I think the conditions here are considerably less favourable to large \(X\), based on the match situation (item 1), the two remaining batsmen (item 3), and the point I raised in item 6. I’m going to think in terms of multiples of 50, which I think in the context of cricket makes some sense: each multiple of 50 is acknowledged as a sort of milestone. Looking at item 4, although I think \(X>50\) is unlikely, I wouldn’t rule it out. I think \(X>150\) is too implausible, from what I’ve said about item 5 and the conditions here, so I’ll settle on \(U=100\) for my upper plausible limit.
A comment on uniform distributions
I can’t claim that there is a ‘right’ distribution given my evidence dossier, but I think one can argue that some distributions are ‘wrong’. What about a uniform distribution over \([0, 100]\)? This might seem like a conservative or ‘vaguely informative’ choice, but it’s important to think about just how much probability this distribution would give to larger values of \(X\). The evidence really doesn’t support all values in this range equally; I think it’s more supportive of values closer to 0 than to 100, so I think it would be hard to justify this choice of distribution, given the evidence available.
I like thinking in terms of tertiles: judging a 33rd and 66th percentile for \(X\), which I’ll denote by \(T_1\) and \(T_2\). I get three intervals \([L, T_1]\), \([T_1, T_2]\), and \([T_2, U]\), each of which I think has a ‘reasonable chance’ (1 in 3) of containing \(X\), but I would bet against a specific interval containing \(X\). I wouldn’t be claiming, for example, that we should ‘expect’ \(X\) to lie in \([T_1, T_2]\): I think it’s twice as likely to lie outside.
In judging \(T_1\), I think are two separate plausible ‘mechanisms’ that would give low \(X\): either Foakes gets out (item 6), or his two partners get out quickly (item 3). My precise choice of \(T_1\) is a little arbitrary, but I think \(T_1=10\) is reasonable in describing a moderate (1 in 3) chance that Foakes adds little to his score.
I find it a little harder to decide where to place \(T_2\), but I will set it at 25. I think Foakes will need some support from at least one of the other batsmen to do this, and I think it’s possible one of them will stick around (I can still remember the earnest applause for Peter Such’s 50 ball duck…). But based on item 4, I still wouldn’t expect \(X\) to be very large.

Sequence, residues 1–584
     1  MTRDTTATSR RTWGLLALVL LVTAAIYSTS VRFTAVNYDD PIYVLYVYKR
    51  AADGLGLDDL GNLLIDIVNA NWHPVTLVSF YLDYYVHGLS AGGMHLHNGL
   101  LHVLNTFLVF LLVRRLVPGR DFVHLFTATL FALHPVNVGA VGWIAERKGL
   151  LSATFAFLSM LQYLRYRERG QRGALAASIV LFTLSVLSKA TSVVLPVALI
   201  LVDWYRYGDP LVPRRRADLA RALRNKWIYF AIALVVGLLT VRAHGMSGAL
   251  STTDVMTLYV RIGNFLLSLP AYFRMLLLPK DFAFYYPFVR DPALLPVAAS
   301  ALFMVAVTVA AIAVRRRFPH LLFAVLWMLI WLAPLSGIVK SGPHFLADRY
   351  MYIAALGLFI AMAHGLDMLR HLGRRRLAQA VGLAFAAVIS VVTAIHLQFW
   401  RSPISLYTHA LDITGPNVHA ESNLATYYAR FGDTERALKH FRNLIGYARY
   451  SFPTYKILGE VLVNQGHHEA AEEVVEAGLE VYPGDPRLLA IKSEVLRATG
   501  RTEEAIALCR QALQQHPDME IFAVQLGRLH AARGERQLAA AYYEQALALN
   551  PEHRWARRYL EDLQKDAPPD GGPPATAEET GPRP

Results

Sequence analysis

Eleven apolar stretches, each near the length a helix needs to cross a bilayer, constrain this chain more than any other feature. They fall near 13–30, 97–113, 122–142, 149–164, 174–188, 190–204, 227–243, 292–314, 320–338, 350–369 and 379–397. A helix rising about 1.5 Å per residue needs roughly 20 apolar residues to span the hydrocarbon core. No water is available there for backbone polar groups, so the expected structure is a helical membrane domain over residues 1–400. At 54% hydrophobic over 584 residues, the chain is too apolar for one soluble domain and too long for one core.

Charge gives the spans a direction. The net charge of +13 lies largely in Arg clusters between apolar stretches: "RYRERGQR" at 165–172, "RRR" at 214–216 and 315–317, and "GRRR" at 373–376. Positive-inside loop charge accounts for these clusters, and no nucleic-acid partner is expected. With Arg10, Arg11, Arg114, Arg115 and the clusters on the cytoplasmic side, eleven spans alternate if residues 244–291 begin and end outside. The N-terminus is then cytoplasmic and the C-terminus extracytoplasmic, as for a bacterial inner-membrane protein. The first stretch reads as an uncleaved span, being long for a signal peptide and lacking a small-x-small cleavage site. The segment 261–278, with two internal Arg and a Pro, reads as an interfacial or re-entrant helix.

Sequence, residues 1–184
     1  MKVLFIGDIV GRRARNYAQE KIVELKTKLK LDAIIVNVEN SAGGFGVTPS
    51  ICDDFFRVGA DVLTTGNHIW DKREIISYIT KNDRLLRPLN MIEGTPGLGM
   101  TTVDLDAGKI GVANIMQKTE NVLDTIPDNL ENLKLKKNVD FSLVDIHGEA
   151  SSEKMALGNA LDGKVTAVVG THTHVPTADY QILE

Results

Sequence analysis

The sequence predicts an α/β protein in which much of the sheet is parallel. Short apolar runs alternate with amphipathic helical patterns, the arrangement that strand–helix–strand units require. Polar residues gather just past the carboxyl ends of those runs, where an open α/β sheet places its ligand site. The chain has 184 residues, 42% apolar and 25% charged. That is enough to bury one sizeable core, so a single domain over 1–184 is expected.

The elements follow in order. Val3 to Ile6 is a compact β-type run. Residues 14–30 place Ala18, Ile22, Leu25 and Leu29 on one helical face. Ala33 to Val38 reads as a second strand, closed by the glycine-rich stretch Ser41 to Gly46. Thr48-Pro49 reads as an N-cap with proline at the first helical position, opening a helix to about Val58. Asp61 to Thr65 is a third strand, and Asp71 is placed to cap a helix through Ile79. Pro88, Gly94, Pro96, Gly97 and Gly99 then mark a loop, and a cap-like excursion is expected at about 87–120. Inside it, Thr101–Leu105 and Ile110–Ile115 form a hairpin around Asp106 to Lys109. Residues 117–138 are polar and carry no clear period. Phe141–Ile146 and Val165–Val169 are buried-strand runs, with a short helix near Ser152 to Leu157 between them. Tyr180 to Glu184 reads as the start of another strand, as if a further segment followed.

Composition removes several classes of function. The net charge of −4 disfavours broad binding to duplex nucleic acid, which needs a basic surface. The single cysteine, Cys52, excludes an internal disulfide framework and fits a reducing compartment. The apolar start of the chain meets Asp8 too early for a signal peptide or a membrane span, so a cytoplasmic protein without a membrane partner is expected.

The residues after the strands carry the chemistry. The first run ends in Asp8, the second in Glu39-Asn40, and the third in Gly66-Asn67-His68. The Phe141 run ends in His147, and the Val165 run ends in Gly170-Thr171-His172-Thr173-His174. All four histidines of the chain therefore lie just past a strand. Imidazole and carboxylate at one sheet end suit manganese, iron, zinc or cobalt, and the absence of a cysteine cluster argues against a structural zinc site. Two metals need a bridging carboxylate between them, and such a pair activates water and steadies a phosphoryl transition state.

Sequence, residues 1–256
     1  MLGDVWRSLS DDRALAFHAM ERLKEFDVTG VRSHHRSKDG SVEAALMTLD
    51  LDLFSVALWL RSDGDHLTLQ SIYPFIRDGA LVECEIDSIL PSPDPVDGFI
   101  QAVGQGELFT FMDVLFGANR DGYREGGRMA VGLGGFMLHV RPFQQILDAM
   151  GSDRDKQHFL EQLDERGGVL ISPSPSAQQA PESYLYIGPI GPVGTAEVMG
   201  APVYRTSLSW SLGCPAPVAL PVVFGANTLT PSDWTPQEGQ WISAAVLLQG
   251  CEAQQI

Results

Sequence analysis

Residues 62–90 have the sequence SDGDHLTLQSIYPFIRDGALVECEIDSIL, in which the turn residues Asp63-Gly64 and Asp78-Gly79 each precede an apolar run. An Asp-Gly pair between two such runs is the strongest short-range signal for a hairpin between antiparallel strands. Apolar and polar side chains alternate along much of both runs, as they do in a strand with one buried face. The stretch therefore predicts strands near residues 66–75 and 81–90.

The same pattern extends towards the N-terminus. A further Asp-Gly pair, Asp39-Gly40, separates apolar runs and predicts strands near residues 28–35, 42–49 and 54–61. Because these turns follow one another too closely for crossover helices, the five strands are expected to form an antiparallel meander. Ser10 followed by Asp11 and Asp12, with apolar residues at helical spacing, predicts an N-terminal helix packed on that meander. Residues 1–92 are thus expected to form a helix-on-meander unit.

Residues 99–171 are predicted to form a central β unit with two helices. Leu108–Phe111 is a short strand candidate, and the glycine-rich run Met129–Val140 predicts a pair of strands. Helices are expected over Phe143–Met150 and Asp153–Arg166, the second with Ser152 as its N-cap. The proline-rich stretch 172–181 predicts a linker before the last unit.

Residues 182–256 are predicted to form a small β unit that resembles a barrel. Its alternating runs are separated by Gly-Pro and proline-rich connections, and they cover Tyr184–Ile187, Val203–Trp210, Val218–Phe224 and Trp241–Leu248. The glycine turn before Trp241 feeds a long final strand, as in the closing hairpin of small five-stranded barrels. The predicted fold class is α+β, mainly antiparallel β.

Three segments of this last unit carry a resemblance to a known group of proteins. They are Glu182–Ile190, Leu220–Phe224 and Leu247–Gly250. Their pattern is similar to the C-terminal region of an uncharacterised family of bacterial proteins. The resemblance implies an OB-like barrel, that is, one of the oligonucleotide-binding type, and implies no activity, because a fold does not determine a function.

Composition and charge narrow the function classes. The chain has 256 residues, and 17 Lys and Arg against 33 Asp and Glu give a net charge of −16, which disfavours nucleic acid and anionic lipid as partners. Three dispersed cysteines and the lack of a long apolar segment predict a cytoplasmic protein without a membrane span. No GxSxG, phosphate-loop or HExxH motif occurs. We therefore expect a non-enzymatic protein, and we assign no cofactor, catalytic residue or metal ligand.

I also need to choose my median value, which has to be between 10 and 25. I’ll set this slightly closer to 10, choosing a median of \(M=15\). One point of reference here is that \(X=13\) would take him to 100 overall; he and his partners will be highly motivated to get 100, and I think it more likely than not, that he achieves it. It’s hard to be precise about this, though very precise placement of my median will probably not be important.
Fitting and feedback
I’ll now fit distributions to these judgements, and look at the implied 5th and 95th percentiles (for three distributions only: a gamma, a log normal, and a log Student-\(t_3\)):
library(SHELF) v <- c(10, 15, 25) p <- c(0.33, 0.5, 0.66) myfit <- fitdist(vals = v, probs = p, lower = 0, upper = 100) feedback(myfit, quantiles = c(0.05, 0.95), values = 13)$fitted.quantiles[, 3:5]
## Gamma Log normal Log Student-t ## 0.05 1.39 2.64 1.56 ## 0.95 65.10 92.70 157.00
There’s nothing to choose between the fitted 5th percentiles, but the fitted 95th for the log normal and log Student-\(t\) are too high for me; the gamma seems more reasonable. So this would be my final elicited distribution:
plotfit(myfit, d = "gamma", ql = 0.05, qu = 0.95)
Note that feedback is essential here: there’s nothing to choose between the distributions regarding their fit to my tertiles and median; I have to see what they do in the tail.
Foakes’ was out for 107 on day two, so the true value of \(X\) was 20. For this sort of problem, it’s probably not too hard to be conservative and avoid overconfidence; it’s perhaps harder to avoid underconfidence. I was fairly comfortable in using the evidence to choose \(T_1\), but I found it harder to think about how large \(X\) might reasonably be, and place \(T_2\).